May 15, 2012
The return of Somali expatriates has contributed to flourishing businesses and a revival of local economies and education in the country.
Local officials and experts say this influx of Somalis from the diaspora is a sign of improving security conditions in the country.
"I was a cab driver in Minnesota for five years, but I decided to come back to Mogadishu," said Ahmed Abdullahi, 37, who returned a few months ago from the United States. "The liberation of Mogadishu from rebels has given me hope to come back home."
"At the beginning, I was worried about coming back to Mogadishu because I was told that Mogadishu is a very dangerous place. People would talk about murder and a large-scale absence of security, but the expulsion of al-Shabaab from Mogadishu gave me hope," he told Sabahi.
Abdullahi said that when he returned, he found the capital to be very different than what he had been told. "It was no longer that dangerous place that people would talk about," he said. "I found the residents of Mogadishu struggling for a better future. Also, the affects of fighting are slowly disappearing from the city. I am happy to be back in Mogadishu and I think that life here is better than anywhere else."
Abdullahi said he is thinking of moving his children back to Mogadishu so they can learn the language and experience Somali culture.
Since al-Shabaab was expelled from Mogadishu last year, the number of Somalis returning from abroad seems to be rising as normalcy returns to everyday life.
Mahmoud Omar, 48, returned to Mogadishu at the end of last year after living in Britain for many years.
He told Sabahi that returning Somali expatriates bring with them a wealth of experience, savings and skills they acquired while living abroad. This allows them to play a role in the reconstruction efforts in the country.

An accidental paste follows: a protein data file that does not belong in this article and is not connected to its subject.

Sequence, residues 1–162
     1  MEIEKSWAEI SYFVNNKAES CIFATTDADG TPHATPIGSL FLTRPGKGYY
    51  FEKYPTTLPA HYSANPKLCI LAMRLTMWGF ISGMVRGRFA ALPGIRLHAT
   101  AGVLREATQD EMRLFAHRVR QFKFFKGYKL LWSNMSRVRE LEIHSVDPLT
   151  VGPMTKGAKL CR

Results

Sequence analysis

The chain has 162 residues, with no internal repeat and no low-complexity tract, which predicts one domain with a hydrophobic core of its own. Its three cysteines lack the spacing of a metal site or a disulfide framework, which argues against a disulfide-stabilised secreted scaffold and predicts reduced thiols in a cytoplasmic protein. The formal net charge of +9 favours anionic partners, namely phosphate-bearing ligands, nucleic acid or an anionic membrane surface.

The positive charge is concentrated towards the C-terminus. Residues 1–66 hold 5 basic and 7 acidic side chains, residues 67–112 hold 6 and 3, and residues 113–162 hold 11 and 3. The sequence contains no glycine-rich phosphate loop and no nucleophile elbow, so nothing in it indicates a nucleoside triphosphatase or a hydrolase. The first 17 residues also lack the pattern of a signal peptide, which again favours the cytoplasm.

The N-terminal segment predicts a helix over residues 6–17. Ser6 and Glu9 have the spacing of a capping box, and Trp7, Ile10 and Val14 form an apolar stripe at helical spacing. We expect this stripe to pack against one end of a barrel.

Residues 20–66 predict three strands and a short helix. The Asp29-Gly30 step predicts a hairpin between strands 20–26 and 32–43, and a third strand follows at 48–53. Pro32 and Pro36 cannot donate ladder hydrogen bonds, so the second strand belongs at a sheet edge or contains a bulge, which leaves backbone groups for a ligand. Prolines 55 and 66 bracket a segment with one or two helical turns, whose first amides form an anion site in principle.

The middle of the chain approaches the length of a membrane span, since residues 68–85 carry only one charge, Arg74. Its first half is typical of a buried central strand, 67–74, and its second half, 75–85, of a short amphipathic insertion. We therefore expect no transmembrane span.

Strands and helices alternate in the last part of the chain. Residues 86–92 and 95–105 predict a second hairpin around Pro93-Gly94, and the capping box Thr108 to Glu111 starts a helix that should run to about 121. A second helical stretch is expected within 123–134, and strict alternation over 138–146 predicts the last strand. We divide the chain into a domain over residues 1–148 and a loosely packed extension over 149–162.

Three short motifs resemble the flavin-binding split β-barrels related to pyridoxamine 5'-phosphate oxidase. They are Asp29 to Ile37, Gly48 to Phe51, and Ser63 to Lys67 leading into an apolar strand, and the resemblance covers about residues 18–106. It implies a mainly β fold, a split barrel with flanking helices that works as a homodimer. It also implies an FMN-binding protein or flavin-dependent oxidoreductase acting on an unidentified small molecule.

"Indeed, some have already started various projects, such as commercial banks and small factories, while others have been involved in developmental projects, such as building schools and hospitals," he said.
Omar called on Somali businessmen living abroad to return and take part in reconstruction efforts. "Nations are built by their own citizens and the rebuilding of this country is the responsibility of each and every Somali citizen, at home and abroad," he said.
Malyuun Hassan, 36, returned to Mogadishu after living for 14 years in Bristol, United Kingdom.
"I have come back to Mogadishu because I felt homesick," she told Sabahi. "Leaving our friends behind and being away from home are things we sorely missed while living abroad. We missed a lot of the friendly faces, memorable places and old friends, and of course, the favourable climate in Somalia. For those reasons, I decided to come back home upon hearing that there have been huge improvements in the security conditions."
Hassan said several of her friends in Bristol are packing their suitcases to return home if the security situation continues to improve.
Abdirazaq Mohammed, a businessman who recently returned from Kenya, said he and several of his colleagues decided to build a large hotel in Mogadishu.
"My colleagues and I had businesses in Nairobi, but we decided to come to Mogadishu after hearing that conditions here have changed," he said. "We are not thinking about profit and loss, but rather feel that we have a national duty to take part in the reconstruction of this country."